France, like many other European regions, was in the grip of a heatwave. Friends in Switzerland reported that in some regions the mercury reached forty degrees, an all time high. In France the hot period is between the summer solstice (when we were in Barcelona) and the autumnal equinox (July and early September) and is referred to as the ‘canicule’.
Larry’s source of income was from house restoration for expat English and Australians. It is estimated that there are around five thousand five hundred Australians living in France and the reason for doing so include: a lower cost of living; the food is wonderful, particularly the bread; the cost of housing is less, especially in the country; in the villages there is a great sense of community; and living in France places one very close to the major historical sites of Europe.
Larry has made many friends in the region and one evening he took us to visit Sebastian and Veronica. What an opportunity it was to share bread and wine with a patriotic French family.
The house in which Sebastian and Veronica live with their two children is in part a converted barn. They have an intense interest in history and the traditions of French culture including the appreciation of fine French wines.
Prior to dinner Sebastian brought from his cellar a 1996 bottle of red wine which he decanted in readiness for dinner. The decanting of wine is no slap dash affair and, as Sebastian said, such a beauty needs to be handled with utmost care. The care is needed so as not to disturb any sediment in the bottle. The wine Sebastian decanted had lain horizontal and undisturbed except every five years it was rotated through 180 degrees. I noted that when he came up from the cellar he nursed it in the horizontal position and when it was turned into the vertical it was done very carefully, placed on the table and the cork withdrawn.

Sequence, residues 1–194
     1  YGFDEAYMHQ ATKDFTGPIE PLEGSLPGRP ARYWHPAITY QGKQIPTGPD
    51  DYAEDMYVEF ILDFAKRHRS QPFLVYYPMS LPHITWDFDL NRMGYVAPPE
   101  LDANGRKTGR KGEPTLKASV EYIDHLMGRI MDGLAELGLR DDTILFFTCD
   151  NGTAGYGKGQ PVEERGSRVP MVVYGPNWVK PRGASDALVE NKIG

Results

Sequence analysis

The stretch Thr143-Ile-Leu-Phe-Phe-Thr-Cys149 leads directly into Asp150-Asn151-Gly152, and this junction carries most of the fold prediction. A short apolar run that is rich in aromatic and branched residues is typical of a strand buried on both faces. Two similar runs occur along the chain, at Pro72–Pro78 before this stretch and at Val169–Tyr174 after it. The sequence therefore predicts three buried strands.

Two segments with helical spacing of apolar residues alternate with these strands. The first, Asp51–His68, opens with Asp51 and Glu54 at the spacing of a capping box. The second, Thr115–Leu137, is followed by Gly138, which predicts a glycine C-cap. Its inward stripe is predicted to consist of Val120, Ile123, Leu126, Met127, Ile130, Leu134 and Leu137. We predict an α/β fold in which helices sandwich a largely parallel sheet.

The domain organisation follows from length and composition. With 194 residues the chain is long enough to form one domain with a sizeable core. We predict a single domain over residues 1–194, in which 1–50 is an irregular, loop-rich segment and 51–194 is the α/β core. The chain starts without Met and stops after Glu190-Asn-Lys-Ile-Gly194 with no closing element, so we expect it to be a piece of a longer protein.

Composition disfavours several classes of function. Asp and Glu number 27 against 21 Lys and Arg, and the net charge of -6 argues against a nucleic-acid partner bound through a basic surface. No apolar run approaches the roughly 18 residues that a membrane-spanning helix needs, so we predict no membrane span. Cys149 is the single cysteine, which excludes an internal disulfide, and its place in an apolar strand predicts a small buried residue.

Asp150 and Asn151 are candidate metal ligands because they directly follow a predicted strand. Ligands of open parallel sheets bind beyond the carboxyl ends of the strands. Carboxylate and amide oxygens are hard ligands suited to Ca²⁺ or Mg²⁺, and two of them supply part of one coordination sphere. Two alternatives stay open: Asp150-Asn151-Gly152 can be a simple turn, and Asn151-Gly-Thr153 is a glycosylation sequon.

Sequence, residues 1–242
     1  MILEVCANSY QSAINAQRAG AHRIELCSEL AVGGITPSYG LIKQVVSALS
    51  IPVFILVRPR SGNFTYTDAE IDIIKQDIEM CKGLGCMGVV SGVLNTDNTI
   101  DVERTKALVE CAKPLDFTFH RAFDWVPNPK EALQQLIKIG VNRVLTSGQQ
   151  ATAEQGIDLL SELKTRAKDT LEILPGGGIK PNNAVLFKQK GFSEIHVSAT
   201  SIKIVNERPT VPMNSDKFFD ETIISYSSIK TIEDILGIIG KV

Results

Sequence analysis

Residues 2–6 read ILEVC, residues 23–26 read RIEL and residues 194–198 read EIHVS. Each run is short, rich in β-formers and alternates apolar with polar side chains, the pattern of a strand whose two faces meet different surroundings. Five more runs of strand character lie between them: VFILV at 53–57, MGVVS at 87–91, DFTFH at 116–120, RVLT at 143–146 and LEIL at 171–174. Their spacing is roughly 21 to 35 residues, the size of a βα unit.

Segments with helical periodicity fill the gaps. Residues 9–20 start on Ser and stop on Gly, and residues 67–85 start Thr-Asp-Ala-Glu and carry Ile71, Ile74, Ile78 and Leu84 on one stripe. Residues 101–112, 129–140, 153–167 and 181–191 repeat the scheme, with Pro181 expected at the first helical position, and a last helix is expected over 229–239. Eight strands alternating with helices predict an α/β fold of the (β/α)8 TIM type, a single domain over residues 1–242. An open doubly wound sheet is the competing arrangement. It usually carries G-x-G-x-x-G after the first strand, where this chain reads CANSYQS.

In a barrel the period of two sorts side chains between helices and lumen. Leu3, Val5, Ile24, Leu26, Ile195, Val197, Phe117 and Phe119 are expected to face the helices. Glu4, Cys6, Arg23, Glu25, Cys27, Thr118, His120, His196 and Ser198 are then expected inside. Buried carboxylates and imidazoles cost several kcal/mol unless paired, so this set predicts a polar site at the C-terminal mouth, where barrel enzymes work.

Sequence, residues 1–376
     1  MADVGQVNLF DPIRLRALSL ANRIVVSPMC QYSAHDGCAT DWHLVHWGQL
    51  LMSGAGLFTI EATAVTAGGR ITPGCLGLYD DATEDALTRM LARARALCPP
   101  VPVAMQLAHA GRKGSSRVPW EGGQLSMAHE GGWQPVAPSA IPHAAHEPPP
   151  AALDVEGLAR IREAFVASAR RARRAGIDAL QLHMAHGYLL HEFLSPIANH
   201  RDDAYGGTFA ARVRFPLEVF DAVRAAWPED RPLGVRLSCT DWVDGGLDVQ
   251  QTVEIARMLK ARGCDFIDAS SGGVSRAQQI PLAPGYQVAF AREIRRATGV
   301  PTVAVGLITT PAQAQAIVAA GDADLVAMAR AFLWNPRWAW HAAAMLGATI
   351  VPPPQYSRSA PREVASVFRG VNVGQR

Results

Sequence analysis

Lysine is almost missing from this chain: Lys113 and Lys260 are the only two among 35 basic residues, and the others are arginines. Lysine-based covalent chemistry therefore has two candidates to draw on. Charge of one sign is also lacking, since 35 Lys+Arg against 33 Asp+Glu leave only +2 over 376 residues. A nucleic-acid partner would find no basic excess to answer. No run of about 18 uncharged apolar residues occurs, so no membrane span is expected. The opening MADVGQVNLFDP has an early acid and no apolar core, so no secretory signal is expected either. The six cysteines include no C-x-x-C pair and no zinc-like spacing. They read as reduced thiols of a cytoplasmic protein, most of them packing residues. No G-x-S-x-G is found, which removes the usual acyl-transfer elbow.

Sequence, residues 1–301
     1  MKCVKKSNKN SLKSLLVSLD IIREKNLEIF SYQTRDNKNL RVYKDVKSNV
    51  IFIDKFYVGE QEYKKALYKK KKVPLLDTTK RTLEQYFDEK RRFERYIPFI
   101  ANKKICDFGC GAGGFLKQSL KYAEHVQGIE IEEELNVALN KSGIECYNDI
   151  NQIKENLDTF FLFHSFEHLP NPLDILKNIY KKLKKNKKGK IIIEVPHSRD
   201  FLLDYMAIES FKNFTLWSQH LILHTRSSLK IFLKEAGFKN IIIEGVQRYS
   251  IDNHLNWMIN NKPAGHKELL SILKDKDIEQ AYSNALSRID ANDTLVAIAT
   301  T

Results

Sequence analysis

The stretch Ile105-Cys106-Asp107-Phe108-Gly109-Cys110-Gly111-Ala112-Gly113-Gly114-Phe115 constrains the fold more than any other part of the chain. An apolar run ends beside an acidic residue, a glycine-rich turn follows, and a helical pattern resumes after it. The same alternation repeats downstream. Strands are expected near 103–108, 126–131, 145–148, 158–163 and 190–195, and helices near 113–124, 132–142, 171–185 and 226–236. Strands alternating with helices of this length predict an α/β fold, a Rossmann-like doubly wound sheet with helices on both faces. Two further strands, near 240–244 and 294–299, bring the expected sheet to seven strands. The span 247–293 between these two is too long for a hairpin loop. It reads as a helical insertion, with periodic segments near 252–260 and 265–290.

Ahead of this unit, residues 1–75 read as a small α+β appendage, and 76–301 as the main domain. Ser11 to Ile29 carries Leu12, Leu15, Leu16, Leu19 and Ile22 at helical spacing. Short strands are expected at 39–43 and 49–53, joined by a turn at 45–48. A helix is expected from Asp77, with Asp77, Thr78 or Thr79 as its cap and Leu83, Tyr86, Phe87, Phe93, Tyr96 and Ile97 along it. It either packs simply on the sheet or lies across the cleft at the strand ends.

From what I understood the first thing to do after withdrawing the cork is to read the cork. If there is no wine leakage, unlike the stain on top of the above cork, the wine could be a counterfeit. When screwing the corkscrew into the cork the point should not go in past the base of the cork or pieces of cork and cork powder could contaminate the wine. If it was stained red for its entire length it could mean the wine had oxidized, making it unpalatable.
The reason for decanting an old wine is to isolate sediment. Some people actually strain the wine through muslin cloth. When decanting it is recommended not to slop it, it’s preferable to have the wine gently run down the inside of the decanter, similar to the way Sebastian is doing in the above photograph. The wine is then allowed to breathe. Some people leave the wine to breathe for up to four hours. Currently there is a debate as to how long a wine should be left to breathe (air). Some say if left too long the wine oxidizes, others say a longer period allows the wine to come alive.